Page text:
A bout with cancer left this woman without a tongue - until she got a new one made from her leg.
Surgeons took skin and muscle from the woman's thigh to re-create the part of her tongue lost to her rare infection of squamous cell carcinoma.
Cameron Newsom, 42, had half her tongue removed in an effort to fight cancer after dealing with excruciating pain post-diagnosis in 2013.
"At the time of my diagnosis, I'd lost over seven pounds because I was unable to eat or drink," Newsom, from Colorado Springs, Colorado, told Newsflare. "I was 33 at the time and in very good shape, so I could not understand why this was happening to me."
It all started after she noticed white spots on her tongue and her dentist recommended a biopsy for the painless spot.
Despite coming back negative for cancer, she developed another spot a year later. But, again, the results were negative.
Then, the pain began.
Her tongue became sore and extremely sensitive, which made eating, drinking and talking a nightmare. While her dentists prescribed antibiotics, the symptoms worsened.
Eventually, her pink-colored tongue tumors were diagnosed by an ear, nose and throat specialist, who essentially handed her a "death sentence."
She had stage 4 squamous cell carcinoma.
"Straight away my reaction was: I'm ready to fight this," she said, even though she had "never been so scared."
But the treatment - three rounds of chemo - proved to be grueling.
"There would be times at the dinner table where I would just burst into tears because I could not eat a thing," she said. “[My son] Hudson, who was 5 at the time, did not know why I was always so upset and it got to the point where I could not physically speak to him or my husband. ”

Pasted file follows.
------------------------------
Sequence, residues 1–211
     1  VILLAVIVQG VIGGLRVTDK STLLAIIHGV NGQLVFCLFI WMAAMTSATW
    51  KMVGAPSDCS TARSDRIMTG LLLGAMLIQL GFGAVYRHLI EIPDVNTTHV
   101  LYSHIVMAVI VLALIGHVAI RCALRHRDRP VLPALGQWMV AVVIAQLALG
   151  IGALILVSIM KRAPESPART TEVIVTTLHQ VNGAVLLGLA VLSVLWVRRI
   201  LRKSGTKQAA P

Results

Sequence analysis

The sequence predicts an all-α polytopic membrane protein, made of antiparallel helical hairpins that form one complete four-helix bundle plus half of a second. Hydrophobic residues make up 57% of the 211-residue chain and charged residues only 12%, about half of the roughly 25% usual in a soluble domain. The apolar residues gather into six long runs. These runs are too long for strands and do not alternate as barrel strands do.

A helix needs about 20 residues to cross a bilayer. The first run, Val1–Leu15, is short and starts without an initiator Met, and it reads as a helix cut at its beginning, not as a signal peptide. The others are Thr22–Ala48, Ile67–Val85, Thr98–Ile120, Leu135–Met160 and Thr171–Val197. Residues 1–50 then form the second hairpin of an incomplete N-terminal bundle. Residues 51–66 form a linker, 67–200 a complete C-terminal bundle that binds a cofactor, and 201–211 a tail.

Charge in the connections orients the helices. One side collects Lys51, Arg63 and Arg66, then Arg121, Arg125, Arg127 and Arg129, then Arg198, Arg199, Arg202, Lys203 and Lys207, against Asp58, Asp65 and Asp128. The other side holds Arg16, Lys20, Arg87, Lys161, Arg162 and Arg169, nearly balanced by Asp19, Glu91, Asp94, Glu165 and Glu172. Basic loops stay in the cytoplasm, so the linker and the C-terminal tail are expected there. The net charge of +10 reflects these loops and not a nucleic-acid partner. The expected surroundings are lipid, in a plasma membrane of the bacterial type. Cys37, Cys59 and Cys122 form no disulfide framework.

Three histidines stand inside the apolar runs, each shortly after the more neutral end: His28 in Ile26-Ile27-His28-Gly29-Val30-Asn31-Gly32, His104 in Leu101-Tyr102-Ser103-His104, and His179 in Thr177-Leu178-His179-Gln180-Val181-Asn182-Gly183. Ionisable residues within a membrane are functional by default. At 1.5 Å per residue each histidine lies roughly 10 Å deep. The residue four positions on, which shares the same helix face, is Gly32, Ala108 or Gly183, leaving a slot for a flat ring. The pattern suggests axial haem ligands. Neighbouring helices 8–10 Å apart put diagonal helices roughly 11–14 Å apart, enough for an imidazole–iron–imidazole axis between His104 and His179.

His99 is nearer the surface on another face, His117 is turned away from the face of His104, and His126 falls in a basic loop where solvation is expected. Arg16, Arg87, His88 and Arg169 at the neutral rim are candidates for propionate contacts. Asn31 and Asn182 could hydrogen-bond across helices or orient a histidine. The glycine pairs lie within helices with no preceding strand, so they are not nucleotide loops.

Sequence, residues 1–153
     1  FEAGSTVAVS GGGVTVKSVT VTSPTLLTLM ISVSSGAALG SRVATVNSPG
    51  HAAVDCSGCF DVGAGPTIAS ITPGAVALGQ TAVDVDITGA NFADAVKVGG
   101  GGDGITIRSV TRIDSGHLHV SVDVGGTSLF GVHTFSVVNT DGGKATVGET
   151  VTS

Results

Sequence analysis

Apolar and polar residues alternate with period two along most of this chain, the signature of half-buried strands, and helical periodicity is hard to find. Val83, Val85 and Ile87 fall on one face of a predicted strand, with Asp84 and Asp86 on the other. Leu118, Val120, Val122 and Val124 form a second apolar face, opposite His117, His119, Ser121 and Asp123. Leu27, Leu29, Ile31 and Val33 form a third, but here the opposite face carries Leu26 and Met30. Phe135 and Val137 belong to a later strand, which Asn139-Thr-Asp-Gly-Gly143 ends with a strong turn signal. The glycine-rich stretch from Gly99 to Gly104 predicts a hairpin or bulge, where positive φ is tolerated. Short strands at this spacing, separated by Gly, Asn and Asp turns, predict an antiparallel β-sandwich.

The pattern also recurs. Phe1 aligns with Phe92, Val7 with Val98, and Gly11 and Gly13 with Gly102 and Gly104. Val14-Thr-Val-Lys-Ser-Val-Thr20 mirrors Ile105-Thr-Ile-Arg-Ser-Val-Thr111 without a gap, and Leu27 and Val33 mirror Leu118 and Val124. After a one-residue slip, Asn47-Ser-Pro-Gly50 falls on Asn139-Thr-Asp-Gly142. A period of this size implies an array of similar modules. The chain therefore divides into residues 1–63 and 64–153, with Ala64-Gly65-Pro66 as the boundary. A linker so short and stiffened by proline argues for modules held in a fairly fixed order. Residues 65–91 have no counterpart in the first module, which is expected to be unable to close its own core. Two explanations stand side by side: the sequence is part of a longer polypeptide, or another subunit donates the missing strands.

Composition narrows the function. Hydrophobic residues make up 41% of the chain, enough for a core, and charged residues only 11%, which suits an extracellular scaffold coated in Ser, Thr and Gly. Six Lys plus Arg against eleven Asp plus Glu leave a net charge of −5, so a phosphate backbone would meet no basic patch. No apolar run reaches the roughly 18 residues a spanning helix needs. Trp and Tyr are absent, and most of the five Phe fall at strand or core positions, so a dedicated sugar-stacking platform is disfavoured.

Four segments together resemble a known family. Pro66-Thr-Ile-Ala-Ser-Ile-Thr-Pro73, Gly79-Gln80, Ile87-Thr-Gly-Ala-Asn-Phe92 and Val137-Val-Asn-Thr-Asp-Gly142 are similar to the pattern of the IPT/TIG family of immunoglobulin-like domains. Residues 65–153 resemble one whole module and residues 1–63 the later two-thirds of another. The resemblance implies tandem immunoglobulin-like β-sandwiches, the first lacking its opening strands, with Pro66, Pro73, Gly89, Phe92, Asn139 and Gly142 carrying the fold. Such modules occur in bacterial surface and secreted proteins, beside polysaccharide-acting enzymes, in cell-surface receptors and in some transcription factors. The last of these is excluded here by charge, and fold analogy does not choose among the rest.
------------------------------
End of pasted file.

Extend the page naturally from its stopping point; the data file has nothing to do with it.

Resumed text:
The “low point” for her was not being able to spend time with her friends, having to leave early. She recalled one time specifically when she came home upset, only to watch clumps of her hair fall out while showering.
Thankfully, Newsom's treatment was not for nothing: She successfully began healing.
But the next step was removing the tumor, which also meant cutting off part of her tongue.
After a nine-and-a-half-hour surgery performed by some of the best oral surgeons based at the MD Anderson Cancer Center in Houston, the infected portion of her tongue was replaced with skin and muscle from her thigh.
"They usually take skin from your forearm, but I'm only 5-foot-2, so I did not have enough skin on my forearm to replace what I was having removed," she said. "However, I've been an athlete all my life, and there was plenty for them to use from my thigh."
Recovery was not easy for the mother of one, and when she woke up, she had tubes coming from her neck and nose to allow her to eat and breathe. She was also under constant surveillance in the hospital and received an additional nine weeks of radiation and chemo to get rid of the remaining cancer cells.
"The weirdest part of the whole experience was when I felt a rough texture on the thigh part of my tongue - and when I looked in the mirror it had started growing leg hair!"
Now, with her husband, Anthony, 42, and her son, Hudson, 14, she's living cancer-free with her new tongue after re-learning how to speak again.
"I can only taste on the right side of my tongue, which is the real side, and only chew on the right side because the left is attached to my gums," she said. "My manners are terrible because food sometimes just falls out of my mouth, and when food gets stuck underneath my tongue it feels like having a small rock in your shoe."
The odd feeling is something she would describe as similar to "having a dead arm or dead leg," adding that it's "constantly tingly and numb."
But nine years later without regressing, she's still a gymnastics coach and living life just like before.
"2013 was the toughest year of my life and I could not of done it without the support of my amazing Anthony and the rest of my family," she said.